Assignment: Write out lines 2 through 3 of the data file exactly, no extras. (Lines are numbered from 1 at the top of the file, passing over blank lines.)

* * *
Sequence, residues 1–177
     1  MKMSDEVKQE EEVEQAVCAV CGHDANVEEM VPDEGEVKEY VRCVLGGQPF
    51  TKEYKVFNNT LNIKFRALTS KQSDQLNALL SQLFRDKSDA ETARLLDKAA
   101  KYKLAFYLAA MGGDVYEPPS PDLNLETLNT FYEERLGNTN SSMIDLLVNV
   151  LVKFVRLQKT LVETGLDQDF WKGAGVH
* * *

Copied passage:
     1  MKMSDEVKQE EEVEQAVCAV CGHDANVEEM VPDEGEVKEY VRCVLGGQPF
    51  TKEYKVFNNT LNIKFRALTS KQSDQLNALL SQLFRDKSDA ETARLLDKAA